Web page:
By Albert Samaha
By Amanda Dingyuan
By Anna Merlan
By Anna Merlan
By Albert Samaha
By Tessa Stuart
By Anna Merlan
By Roy Edroso
There is a new dimension in the fierce battle over whether Terri Schiavo's life is worth saving. A federally funded investigation has begun into certain medical judgments made by her husband and guardian, Michael Schiavo, including decisions in recent months. But more important is whether the inquiry will discover what actually caused Terri Schiavo's alleged cardiac arrest in 1990, which is said to be the reason her brain was deprived of oxygen, resulting in her condition for the past 13 years.
The degree to which this investigation is widely reported by the media may help determine whether Terri Schiavo lives or dies. Her husband is in court again to demand that her feeding tube be removed once more.
If the courts continue to support the husband, she may die before the investigation is completed. But even in that case, the results may lead to a change of state laws that could save other lives.
Conducting the investigation is the Advocacy Center for Persons With Disabilities (ACPD). Its website says it is "Florida's protection and advocacy program for persons with disabilities." As reported by Jeff Johnson on cnsnews.com (October 29), the agency has, according to its website, "the authority to investigate incidents of abuse and neglect when reported if there is probable cause to believe the incidents occurred."
As Jeff Johnson writes, "How quickly ACPD makes a determination will depend on how difficult it is for the agency to gain access to Mrs. Schiavo's medical records and to the people it needs to interview on both sides of the legal battle."
I have learned that ACPD has sent Michael Schiavo's lawyer a request that he authorize the release of Terri Schiavo's medical records. There was initial resistance, but the records have been turned over.
What gives this investigation the potential for a dramatic reassessment of previous court decisions on the legitimacy of Michael Schiavo's guardianship is in the lead of Jeff Johnson's story: "The Schindler family [Terri Schiavo's parents, who are fighting for her life] has found a new ally in the battleone it did not seek outin the person of a famed New York forensic pathologist, Dr. Michael Baden." Former chief medical examiner for the city of New York and co-director of the Medicolegal Investigation Unit of the New York State Police, Dr. Baden is often quoted in news reports and interviewed on television.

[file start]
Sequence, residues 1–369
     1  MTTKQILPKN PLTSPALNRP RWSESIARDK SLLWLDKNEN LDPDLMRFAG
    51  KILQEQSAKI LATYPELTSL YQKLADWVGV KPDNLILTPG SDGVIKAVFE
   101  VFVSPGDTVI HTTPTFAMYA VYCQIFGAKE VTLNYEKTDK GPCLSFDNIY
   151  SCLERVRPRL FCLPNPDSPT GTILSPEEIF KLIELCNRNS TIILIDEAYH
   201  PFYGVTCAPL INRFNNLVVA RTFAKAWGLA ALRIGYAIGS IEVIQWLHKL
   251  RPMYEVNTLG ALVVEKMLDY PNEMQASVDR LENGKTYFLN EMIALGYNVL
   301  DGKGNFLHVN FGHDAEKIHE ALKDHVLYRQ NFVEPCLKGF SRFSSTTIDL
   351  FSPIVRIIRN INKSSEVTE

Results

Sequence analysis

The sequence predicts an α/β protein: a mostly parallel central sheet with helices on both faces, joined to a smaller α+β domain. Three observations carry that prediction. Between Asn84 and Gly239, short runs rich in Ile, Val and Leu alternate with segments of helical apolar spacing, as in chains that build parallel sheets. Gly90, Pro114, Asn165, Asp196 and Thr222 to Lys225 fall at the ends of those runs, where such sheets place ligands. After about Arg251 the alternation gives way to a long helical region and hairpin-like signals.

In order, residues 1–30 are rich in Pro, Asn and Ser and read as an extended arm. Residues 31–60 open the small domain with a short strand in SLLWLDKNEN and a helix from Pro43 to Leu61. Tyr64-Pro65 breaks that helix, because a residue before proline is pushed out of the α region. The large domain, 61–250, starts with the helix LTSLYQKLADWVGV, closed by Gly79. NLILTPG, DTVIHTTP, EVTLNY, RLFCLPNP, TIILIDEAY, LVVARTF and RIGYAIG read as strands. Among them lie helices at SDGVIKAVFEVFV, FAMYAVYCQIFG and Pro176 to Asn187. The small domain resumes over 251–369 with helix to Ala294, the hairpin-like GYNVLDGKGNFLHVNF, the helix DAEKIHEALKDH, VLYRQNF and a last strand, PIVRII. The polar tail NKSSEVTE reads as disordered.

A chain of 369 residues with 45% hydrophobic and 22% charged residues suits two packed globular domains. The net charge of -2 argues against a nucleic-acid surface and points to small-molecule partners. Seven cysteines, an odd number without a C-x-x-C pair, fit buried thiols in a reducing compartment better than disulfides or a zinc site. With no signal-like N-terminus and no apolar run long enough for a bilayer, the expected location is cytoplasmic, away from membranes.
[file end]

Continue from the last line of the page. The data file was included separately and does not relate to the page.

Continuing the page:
In one such interview on Fox News Channel's On the Record With Greta Van Susteren, I heard Baden agree with a panel of lawyers that Terri Schiavo is in a persistent vegetative state, and will not recover. But on a subsequent October 24 appearance on that program, Dr. Baden had a different perspective on the origins of the Terri Schiavo case.
Baden had now seen a 1991 bone-scan report that cast considerable doubt on a claim in Michael Schiavo's successful medical malpractice suit, that Terri's brain injury was caused by a potassium imbalance that led to a heart attack depriving her brain of oxygen.
Dr. Baden, who has written three books on forensic pathology, told Van Susteren: "It's extremely rare for a 20-year-old to have a cardiac arrest from low potassium who has no other diseases . . . which she doesn't have. . . . The reason that she's in the state she's in is because there was a period of time, maybe five or eight minutes, when not enough oxygen was going to her brain. That can happen because the heart stops for five or eight minutes, but she had a healthy heart from what we can see." (Emphasis added).
Dr. Baden then addressed the 1991 bone-scan report on Terri Schiavo, which was completed on March 5 of that year by Dr. W. Campbell Walker in order to "evaluate for trauma" that may have been caused by a suspected "closed head injury." In the report, Walker wrote:
"This patient has a history of trauma. The presumption is that the other multiple areas of trauma also relate to previous trauma." (Emphasis added).
Here we get to what focused Dr. Baden's attention. On cnsnews.com, Jeff Johnson reported, "Walker listed apparent injuries to the ribs, thoracic vertebrae, both sacroiliac joints, both ankles and both knees."
In his interview with Greta Van Susteren, Dr. Baden noted "that the bone scan describes her having a head injury . . . and head injury can lead to the 'vegetative state' that Mrs. Schiavo is in now."
But, Baden continued, the bone scan "does show evidence that there are other injuries, other bone fractures that are in a healing stage [in 1991]."
Those injuries could have happened, Baden continued, from "some kind of trauma. The trauma could be from an auto accident, the trauma could be from a fall, or the trauma could be from some kind of beating that she obtained from somebody somewhere. It's something that should have been investigated in 1991 . . . and maybe [it was] by police at that time." (Emphasis added).
Why not see if there was a police report on those traumas to Terri in 1990? The Advocacy Center for Persons With Disabilities should look into this during its investigation of possible incidents of abuse and neglect of Terri. Moreover, Pamela Hennessy, spokesperson for Terri's parents and her brother, told cnsnews.com, "This is what the family and their doctors have been saying for a number of years."